Keep the backgrounds of your your locations neutral, then build your colour palette around them. Here’s an example from a spot Hooves did for Devondale’s 8Bar Iced Coffee (granted, this budget was closer to $200,000, but the principles are the same).

First we found the perfect hole-in-the-wall cafe to help immediately establish that we’re dealing with an elite barista. That cafe had black walls. OK, so now black will be our neutral base background colour which is great because it speaks to urbaness and perhaps a little bit of pretension. As you can see below, every shot was designed to have a black base. From there, Hooves created a very limited palette of colours that every single item in frame had to adhere to. Being disciplined about all these elements will always allow your project to punch above its weight.

(Break it to Your Barista – Devondale)

This cafe set the palette for the entire piece (Break it to Your Barista – Devondale)

(Break it to Your Barista – Devondale) 1

(Break it to Your Barista – Devondale) 2

All this stuff is the job of the director and production team, so I’m not suggesting you need to take it all on. Just be aware of it so you can make sure your production partner is doing everything possible to maximise your dollar by using simple hacks like this to increase production values.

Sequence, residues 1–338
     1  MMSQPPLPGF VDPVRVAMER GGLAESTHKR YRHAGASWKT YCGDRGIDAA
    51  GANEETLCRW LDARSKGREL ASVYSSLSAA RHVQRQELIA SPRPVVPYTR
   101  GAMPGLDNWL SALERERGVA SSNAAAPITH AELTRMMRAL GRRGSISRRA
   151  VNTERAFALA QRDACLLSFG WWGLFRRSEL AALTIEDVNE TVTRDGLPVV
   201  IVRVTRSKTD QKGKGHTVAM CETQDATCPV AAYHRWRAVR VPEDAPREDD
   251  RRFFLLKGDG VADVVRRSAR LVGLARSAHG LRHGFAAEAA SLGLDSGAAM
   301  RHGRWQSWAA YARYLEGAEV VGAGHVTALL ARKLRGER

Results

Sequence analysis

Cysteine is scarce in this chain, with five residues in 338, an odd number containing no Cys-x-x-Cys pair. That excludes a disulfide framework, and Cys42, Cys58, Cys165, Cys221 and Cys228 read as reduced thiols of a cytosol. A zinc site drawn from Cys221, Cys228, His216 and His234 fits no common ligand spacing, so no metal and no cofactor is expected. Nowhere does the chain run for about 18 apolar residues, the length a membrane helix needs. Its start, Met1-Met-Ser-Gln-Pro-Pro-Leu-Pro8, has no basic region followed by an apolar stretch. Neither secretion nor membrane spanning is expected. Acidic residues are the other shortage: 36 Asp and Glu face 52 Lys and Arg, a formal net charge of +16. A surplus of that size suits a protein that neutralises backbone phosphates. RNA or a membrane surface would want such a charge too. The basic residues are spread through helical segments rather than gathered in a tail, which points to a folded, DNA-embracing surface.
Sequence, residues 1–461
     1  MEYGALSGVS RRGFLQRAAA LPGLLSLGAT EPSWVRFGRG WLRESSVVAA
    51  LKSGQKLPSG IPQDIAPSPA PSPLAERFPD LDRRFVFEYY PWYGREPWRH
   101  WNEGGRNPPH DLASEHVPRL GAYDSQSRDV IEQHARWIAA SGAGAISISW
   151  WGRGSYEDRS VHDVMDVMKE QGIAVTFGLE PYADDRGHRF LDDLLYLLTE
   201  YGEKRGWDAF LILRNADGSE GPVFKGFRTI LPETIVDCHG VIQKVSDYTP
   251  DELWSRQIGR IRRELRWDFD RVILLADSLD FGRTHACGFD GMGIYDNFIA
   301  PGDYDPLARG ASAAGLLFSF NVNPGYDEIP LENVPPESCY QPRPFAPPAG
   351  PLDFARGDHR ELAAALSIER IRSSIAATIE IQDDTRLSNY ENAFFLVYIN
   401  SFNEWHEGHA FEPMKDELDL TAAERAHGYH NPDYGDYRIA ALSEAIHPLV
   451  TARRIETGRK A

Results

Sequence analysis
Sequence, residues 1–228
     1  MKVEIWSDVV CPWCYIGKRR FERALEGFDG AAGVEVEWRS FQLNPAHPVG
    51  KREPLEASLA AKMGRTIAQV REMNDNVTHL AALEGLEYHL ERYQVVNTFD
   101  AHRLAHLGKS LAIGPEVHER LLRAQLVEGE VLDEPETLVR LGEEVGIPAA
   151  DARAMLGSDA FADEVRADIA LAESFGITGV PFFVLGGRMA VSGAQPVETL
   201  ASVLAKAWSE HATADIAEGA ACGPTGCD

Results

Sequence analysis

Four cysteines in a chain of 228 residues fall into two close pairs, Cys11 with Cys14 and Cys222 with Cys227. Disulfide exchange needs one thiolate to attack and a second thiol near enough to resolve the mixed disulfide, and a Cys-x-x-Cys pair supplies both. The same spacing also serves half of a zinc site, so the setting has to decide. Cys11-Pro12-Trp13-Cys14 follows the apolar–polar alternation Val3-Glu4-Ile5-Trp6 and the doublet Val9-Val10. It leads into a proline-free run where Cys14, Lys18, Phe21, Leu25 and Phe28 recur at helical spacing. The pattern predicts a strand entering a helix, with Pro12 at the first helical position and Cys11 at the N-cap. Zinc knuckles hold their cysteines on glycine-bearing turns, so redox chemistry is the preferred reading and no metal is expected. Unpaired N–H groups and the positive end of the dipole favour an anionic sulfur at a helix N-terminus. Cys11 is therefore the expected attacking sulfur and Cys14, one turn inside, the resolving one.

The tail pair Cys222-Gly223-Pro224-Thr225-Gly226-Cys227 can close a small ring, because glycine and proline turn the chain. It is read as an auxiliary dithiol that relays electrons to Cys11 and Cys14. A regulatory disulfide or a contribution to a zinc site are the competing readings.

Be brave

Sub-$100,000 projects have to differentiate themselves to thrive, but hopefully the ideas above have shown that standing out isn’t only achieved through a bold idea. Differentiation can be aided (and your bold idea helped) by looking for efficiencies in what you’re already doing. Cast a thorough eye over the traditional production pipeline and you’ll find 20% savings. Cast two eyes over it and you’ll find even more.

Behind any outstanding campaign is an even more outstanding marketer, someone with the guts to back an idea and stand by it. If that’s you, then I encourage you to use your nous to re-examine the broadcast and content budget pathway, and to continue this conversation with your production partners so we can all expand our knowledge and elevate our outcomes.

John Pace is director and writer at Hooves